She told stories into the night. Sometimes,
When she thought he finally fell asleep,
She let out an exhausted sigh
Long enough to celebrate the end of a day.
Perhaps he loved her, for only
positive remarks of her survive.
Decades ago, I urged him not to write about me.
Only fictionally could he put me in his work.
But I was told (and I could see)
Traces of me are everywhere,
Buried in his poems. Brother,
If you could be resurrected, I would punish you
For promise-breaking. I would tickle you
Breathless, like when we were still young.
As evidenced in the haunting lines of Elegy, Ho’s writing contains strong imagery, a sense of history, raw honesty and humanness. In the lyrical lines of the poems that follow, one is transported to place and time:
Remembering Li, a Tiananmen Activist
Clock set forward,
Bell early rung.
Blinded and made deaf,
A sheet strangely knotted,
without sound or sight.
Silenced in ear shot.
Disappeared in plain light.
(Radius, June 2012)
It was a kind of thatched hut. Outside,
cars whisked past on the never-busy road.
Or perhaps it was not a hut but a house made of wood.
Small, mean. Maybe it was stone?
I cannot rebuild that place with my brick words;
there are no pictures left to verify my description.
I was not yet three, only half conscious of space and clocks.
And my twin sisters, younger than me,
looked like rude boys, wore second-hand pyjamas.
One time, they played with the yolks of broken eggs,
calligraphed on the cement floor. Of that we have a picture.
There is no trace of me in that familiar frame,
but I was convinced that I must be there somewhere,
in that same room. For many years, I imagined myself
standing just behind a cupboard or a broom,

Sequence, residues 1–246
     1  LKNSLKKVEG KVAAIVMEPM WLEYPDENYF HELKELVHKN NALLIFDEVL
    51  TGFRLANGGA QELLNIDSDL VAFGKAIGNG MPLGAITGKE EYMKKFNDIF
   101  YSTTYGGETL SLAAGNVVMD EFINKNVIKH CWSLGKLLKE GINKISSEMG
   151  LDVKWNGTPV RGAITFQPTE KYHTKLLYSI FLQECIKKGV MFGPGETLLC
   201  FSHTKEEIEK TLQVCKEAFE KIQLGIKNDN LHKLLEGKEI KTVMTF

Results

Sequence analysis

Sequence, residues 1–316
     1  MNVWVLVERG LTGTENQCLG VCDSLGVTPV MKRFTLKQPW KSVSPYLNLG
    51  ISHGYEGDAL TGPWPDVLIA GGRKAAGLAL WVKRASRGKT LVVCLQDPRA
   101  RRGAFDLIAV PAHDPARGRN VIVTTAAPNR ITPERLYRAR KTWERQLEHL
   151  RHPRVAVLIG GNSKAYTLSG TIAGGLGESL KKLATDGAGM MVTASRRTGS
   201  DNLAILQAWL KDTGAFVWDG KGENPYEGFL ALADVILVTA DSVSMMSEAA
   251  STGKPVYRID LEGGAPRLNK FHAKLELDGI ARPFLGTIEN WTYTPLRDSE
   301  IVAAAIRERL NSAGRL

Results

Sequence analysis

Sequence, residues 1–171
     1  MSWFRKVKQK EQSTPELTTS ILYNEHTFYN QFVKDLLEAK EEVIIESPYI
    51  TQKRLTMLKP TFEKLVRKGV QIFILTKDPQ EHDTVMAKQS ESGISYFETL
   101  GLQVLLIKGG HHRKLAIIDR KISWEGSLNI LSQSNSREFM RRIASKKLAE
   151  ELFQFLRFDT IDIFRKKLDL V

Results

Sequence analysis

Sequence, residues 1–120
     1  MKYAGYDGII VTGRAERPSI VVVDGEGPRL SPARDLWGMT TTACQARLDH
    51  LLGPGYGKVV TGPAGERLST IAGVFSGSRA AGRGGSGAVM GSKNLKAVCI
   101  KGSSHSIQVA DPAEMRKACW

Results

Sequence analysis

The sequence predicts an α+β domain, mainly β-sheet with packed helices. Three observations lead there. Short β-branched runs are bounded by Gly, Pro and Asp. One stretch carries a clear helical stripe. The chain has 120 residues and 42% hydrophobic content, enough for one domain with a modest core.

looking on adoringly at my sisters and their toys:
shells, scraps of indistinguishable paper, dust balls.
Later I was told that my too young mother, who had had
three by twenty-two, couldn’t handle us all under one roof
and had sent me to a village on the Mainland.
I was not present when that picture was taken.
(Berfrois, May 2013)
From the past history of Frames to the present day selfie, Fame—more raw honesty:
I would prefer to be unknown,
and let red nail polish adorn my fingers
and yellow ribbons mark my suitcase.
Like someone who delights
in cheap Thai handbags,
and is occasionally mistaken
for a prostitute.
On the lighter side, the sensual Counting Sheep gives us a wonderful visual, and conveys both a sense of connectedness and fragility/vulnerability.
I counted the ways you could kiss me for the first time
as though I were counting sheep.
I counted to twelve, I think. But the memory is hazy.
When I told you this you said:
“Are you using me like sheep? The nerve of you!
You objectify me. That sounds exciting.”
Then you kissed my back, at first gingerly,
(Black Heart Magazine, March 2013)
as though I was an item in your glass circus.
Cha: An Asian Literary Journal
A Cup of Fine Tea
Recent Publication credits:
// Prairie Schooner
// Connotation Press
// SAND: Berlin’s English Literary Journal
// Martian Lit
Please click for Lark Vernon Timmons' interview with Tammy Ho.